practices, laws and usages prevailing in Indian business. There are altogether 30 accounting standards issued by ASB which have to be adopted by management of different enterprises to improve the quality of presentation of financial statements in our country.
Concepts are the basic assumptions or conditions upon which the science of accounting is based. There are five basic concepts of accounting, namely –
• • • • •
Business entity concept, which is also termed as Separate entity concept, Going concern concept Money measurement concept Periodicity concept Accrual concept.
Going concern concept The fundamental assumption is that the business entity will continue fairly for a long time to come. There is no reason why an enterprise should be promoted for a short period only to liquidate the business in the foreseeable future. This assumption is called “going concern concept”. For this reason accountants value fixed assets on historical cost method. Had the business been set up to last for a short period, fixed assets should have been valued at a market price. Besides, going concern concept provides for amortization of the cost of fixed assets over the life time of the assets. For example, an entrepreneur purchases a plant for Rs. One crore and it has a life of 10 years. During this period, he sets aside every year certain funds from the income of the business so that it would help him for replacement of the asset at the end of ten years. This process of amortization presupposes that the enterprise will continue to do business fairly for long time. Accrual Concept Profit earned or loss suffered for an accounting period is the result of both cash and credit transactions. It is possible that certain incomes are earned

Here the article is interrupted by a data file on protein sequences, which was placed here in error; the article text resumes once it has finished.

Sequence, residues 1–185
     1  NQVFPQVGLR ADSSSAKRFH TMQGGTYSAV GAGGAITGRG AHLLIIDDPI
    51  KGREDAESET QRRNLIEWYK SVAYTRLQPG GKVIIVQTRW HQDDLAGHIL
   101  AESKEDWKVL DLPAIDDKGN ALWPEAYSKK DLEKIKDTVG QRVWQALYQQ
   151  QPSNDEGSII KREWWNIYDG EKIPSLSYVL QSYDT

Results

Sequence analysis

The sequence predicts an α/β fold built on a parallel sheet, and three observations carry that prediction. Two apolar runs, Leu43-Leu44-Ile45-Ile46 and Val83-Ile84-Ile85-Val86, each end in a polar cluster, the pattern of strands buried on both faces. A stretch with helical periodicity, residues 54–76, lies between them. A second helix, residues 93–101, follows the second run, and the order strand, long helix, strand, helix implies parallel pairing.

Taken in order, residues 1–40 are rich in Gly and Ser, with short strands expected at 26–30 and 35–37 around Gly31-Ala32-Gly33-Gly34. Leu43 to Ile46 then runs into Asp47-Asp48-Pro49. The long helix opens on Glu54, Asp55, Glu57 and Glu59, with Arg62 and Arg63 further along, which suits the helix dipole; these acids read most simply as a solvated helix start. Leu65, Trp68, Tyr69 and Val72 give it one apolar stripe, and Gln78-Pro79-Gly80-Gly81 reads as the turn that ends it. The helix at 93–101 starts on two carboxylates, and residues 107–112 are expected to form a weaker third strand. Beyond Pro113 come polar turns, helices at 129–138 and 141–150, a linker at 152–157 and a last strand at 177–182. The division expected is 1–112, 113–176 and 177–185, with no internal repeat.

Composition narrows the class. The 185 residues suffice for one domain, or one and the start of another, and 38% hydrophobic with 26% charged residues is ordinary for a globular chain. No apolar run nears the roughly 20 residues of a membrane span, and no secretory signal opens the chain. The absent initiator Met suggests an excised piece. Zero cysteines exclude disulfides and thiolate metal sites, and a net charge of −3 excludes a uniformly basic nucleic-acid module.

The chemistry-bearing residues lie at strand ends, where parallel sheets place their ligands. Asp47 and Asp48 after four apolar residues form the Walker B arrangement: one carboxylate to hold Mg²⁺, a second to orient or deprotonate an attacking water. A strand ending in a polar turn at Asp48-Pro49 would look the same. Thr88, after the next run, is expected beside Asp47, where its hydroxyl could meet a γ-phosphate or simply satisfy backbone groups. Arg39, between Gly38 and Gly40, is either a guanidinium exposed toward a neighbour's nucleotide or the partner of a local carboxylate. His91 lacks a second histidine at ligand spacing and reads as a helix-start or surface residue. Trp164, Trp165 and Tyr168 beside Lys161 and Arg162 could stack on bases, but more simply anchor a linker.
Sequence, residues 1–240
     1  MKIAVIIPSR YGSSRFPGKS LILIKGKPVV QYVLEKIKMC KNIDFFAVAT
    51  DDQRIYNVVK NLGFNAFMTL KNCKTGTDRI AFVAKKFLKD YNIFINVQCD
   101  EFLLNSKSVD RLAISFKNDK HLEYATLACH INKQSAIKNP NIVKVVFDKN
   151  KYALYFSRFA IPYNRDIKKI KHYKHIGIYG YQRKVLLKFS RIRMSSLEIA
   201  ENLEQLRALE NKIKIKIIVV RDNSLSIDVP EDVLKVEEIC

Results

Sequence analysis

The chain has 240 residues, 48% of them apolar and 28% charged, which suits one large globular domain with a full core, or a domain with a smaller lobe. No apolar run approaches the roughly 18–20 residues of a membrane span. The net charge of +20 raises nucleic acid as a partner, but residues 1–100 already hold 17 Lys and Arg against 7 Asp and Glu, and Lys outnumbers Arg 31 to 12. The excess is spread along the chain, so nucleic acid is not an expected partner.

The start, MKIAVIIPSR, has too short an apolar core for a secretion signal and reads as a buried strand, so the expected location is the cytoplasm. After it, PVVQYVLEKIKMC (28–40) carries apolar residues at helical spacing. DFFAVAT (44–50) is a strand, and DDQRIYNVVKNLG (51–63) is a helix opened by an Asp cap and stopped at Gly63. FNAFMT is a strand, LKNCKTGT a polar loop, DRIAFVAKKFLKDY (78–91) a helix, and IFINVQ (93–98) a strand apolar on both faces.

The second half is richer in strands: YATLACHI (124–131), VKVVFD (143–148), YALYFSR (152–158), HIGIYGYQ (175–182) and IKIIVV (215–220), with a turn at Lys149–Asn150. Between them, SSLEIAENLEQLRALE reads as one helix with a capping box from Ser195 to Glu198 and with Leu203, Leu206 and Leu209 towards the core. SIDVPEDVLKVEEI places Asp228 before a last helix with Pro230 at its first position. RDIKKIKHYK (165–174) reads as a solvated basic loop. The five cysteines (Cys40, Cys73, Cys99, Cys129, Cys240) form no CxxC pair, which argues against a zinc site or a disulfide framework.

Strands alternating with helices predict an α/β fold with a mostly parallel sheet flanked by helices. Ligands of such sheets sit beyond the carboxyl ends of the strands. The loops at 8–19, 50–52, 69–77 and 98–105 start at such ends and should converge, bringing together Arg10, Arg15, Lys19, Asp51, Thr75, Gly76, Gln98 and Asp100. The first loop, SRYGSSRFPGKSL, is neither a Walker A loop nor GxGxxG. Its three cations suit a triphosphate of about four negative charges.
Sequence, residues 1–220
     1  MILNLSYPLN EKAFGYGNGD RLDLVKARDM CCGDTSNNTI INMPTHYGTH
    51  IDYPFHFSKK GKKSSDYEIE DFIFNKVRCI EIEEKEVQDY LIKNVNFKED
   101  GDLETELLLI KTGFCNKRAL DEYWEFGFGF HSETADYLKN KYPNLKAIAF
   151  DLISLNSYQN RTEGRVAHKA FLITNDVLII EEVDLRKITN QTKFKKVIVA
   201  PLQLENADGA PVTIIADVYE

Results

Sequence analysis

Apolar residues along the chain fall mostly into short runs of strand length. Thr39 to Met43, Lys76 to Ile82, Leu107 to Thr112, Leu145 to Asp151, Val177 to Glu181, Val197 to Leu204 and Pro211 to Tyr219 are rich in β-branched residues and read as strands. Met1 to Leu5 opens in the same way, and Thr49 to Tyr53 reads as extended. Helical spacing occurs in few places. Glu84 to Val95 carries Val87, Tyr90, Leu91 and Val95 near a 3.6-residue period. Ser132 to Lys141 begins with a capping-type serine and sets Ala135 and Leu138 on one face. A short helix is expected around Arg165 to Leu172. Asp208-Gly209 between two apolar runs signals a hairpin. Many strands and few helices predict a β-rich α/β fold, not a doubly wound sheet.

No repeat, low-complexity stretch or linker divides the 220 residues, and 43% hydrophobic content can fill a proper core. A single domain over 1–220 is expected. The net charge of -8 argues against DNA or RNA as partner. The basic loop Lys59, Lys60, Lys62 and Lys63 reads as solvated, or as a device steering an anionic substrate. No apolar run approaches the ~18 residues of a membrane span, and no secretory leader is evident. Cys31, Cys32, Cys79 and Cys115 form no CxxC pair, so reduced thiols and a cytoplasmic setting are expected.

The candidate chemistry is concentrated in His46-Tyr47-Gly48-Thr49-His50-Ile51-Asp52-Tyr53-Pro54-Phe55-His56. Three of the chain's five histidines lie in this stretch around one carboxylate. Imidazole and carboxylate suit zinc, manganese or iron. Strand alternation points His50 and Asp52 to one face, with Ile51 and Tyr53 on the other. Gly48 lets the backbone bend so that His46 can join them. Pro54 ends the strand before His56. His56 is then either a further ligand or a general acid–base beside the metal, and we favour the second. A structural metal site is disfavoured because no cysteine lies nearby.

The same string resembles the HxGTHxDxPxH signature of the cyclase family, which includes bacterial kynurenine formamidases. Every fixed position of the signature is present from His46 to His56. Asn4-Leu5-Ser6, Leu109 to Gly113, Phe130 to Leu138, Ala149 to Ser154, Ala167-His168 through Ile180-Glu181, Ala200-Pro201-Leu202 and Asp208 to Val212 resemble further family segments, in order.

but not received and similarly expenses incurred but not yet paid during an accounting period. But it is relevant to consider them while computing the financial results just because they are related to the specific accounting period. For example, interest receivable on Fixed deposit for the year ending 31-122006 is Rs. 12000 but it is actually credited to the bank account only in February 2007. For calculating the income from interest, the amount Rs.12000 is considered even though it is not received before 31-12-2006. This amount is called accrued interest. Similarly the expenses which are incurred for the accounting period, might be paid only after the accounting period. Such accrued expenses are deducted while calculating the profit for the accounting period. This is the accrual concept.